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Fecal Transplant Pills Could Become a New Cutting-Edge Treatment for Infections

From TIME - November 28, 2017

Human waste has long been thought of as just that: everything the body doesnt want or need. But new research is showing that feces may contain valuable organisms that can actually treat disease.

In a new paper published in JAMA, researchers led by Dr. Dina Kao, a gastroenterologist at the University of Alberta in Canada, and her colleagues report that fecal matter manufactured into a capsule was no worse than fecal matter transplanted by colonoscopy. Both procedures successfully reduced risk of repeated C. difficile infections by more than 90%. C. difficile (C. diff) infections can be caused by bacteria that are resistant to many antibiotics.

The advantages of a capsule over a colonoscopy, which is an invasive procedure that requires mild sedation, are clear. Any time people are sedated, there is a risk that their breathing will slow too much. Colonoscopy also comes with the risk of puncturing the intestinal wall, which can introduce infections that could be life threatening. The benefits of swallowing a capsule are also undeniable compared to swallowingor trying to swallowa feeding tube through which a slurry of fecal matter is flowing through. (Thats the way that doctors testing fecal transplants originally administered their doses.) That carries the risk of aspirating some of the fecal slurry into the lungsnot to mention the unpleasantness of introducing feces to the mouth area and accidentally breathing it in.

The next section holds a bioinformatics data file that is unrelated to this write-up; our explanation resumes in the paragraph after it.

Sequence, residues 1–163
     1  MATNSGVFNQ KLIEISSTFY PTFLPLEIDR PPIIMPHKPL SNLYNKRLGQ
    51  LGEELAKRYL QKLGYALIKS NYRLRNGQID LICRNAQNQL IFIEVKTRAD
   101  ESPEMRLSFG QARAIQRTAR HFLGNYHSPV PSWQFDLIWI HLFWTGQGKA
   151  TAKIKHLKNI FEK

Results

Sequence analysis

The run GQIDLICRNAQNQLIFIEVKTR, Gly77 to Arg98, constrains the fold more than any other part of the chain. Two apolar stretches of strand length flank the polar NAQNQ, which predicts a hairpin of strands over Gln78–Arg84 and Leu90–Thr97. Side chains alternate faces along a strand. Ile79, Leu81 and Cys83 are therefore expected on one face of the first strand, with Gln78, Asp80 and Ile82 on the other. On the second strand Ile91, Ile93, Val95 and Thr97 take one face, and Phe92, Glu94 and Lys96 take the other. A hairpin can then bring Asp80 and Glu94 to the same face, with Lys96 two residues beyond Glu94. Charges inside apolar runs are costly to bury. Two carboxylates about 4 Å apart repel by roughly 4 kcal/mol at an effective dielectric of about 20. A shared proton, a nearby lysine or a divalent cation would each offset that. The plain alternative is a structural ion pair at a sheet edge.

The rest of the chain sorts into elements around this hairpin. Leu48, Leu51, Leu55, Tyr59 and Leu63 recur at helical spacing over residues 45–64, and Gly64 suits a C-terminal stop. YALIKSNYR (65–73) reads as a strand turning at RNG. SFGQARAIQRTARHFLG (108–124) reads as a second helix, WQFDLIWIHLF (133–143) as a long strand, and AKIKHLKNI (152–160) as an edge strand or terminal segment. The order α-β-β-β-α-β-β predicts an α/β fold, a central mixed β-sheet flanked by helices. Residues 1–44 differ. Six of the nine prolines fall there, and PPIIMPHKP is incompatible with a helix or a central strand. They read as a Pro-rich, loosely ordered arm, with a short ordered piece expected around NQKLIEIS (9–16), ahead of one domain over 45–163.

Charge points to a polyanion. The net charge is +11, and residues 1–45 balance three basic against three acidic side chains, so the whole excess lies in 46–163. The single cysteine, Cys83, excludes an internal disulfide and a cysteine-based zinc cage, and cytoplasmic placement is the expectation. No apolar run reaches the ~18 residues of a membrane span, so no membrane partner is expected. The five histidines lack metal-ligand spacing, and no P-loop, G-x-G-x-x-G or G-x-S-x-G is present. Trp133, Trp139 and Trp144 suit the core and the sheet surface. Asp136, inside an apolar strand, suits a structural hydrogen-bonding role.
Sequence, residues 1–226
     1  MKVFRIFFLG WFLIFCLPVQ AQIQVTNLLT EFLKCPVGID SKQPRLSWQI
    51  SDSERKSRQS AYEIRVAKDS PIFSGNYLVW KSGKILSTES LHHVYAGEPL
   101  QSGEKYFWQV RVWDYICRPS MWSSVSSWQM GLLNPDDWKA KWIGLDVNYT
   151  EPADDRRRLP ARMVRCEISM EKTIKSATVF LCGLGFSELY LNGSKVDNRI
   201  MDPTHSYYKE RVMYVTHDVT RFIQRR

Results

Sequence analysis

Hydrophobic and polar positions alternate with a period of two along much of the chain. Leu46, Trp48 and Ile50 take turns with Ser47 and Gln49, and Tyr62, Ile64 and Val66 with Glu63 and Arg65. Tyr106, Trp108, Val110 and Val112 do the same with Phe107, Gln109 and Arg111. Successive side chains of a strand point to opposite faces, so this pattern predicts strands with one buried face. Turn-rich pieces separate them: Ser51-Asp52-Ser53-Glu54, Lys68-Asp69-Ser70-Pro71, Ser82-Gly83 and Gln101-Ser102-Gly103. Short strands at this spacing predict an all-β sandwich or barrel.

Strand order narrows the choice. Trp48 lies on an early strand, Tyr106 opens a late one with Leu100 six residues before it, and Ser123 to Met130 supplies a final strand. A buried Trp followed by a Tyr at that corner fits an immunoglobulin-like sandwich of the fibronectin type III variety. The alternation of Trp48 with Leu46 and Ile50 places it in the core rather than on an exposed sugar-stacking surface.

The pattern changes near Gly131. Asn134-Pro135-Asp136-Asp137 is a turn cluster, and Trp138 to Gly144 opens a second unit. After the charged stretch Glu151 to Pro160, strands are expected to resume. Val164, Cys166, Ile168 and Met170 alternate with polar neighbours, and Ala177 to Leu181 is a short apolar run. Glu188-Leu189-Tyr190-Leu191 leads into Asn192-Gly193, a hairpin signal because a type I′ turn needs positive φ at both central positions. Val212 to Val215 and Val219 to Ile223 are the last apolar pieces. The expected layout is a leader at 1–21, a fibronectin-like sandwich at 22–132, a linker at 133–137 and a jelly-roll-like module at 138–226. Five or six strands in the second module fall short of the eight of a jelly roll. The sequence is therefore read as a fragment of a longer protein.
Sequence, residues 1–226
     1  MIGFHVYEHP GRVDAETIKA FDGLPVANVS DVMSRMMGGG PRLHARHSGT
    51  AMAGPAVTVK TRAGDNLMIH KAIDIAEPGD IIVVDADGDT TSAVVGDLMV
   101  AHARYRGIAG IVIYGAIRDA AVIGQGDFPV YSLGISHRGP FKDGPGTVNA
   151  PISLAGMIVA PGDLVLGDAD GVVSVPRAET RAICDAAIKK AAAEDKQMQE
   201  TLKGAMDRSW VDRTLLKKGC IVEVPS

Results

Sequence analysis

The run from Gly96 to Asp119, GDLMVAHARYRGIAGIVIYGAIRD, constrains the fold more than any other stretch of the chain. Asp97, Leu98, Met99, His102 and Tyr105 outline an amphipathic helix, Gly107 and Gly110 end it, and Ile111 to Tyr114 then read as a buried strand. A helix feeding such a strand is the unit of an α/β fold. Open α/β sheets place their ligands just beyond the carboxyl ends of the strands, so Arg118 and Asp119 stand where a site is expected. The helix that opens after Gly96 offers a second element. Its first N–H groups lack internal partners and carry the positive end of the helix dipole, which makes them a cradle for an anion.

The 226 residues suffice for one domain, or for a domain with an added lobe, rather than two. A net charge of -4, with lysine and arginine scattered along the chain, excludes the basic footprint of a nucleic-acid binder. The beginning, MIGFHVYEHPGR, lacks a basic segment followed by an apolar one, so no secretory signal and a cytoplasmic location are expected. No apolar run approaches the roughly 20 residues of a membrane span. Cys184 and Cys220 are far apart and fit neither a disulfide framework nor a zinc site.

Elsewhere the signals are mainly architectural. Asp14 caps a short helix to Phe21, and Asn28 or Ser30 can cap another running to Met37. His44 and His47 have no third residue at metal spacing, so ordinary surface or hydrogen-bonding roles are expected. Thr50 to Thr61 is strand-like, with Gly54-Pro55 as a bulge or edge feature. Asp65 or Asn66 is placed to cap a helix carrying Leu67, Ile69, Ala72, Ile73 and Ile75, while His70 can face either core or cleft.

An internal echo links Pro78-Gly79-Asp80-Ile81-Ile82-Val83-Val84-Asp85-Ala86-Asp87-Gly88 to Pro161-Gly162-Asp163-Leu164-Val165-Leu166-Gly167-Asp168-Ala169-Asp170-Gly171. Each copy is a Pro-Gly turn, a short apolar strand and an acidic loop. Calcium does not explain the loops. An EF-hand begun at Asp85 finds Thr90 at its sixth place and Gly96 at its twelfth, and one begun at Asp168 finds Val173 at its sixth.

Fecal transplants are part of the burgeoning field of research involving the microbiome: the living universe of microbes, including bacteria, that live on and in the body. Unlike their disease-causing counterparts, these microbes work to improve human health. Certain bacteria, for example, are linked to lower rates of conditions like allergies, asthma, obesity and even some types of mental illnesses.

Studies have found that certain microbes in the digestive tract are linked to lower rates of C. difficile infection, which is mainly acquired in health care settings like hospitals and nursing homes. About 90% of people who receive fecal transplant by colonoscopy do not experience recurrent infections. Antibiotics can treat the infection, but anywhere from 10% to 30% of people will develop further infections, and each recurrence increases the risk of another one.

While certain microbiome populations can lower the risk of infection, its not clear whether the amount of bacteria in the gut is the key factor, or whether its the type of bacteria or even how the bacteria is delivered. In the study, Kao focused on understanding whether the way the gut bugs are delivered makes a difference. The biggest question in this area has always been, whats the best way to deliver the transplant? she says. I think with this study, we can see that maybe the capsule delivery format is the way to go if you are going to give this type of microbiome-based therapy.

MORE: Fecal Transplants May Soon Be Available in a Pill

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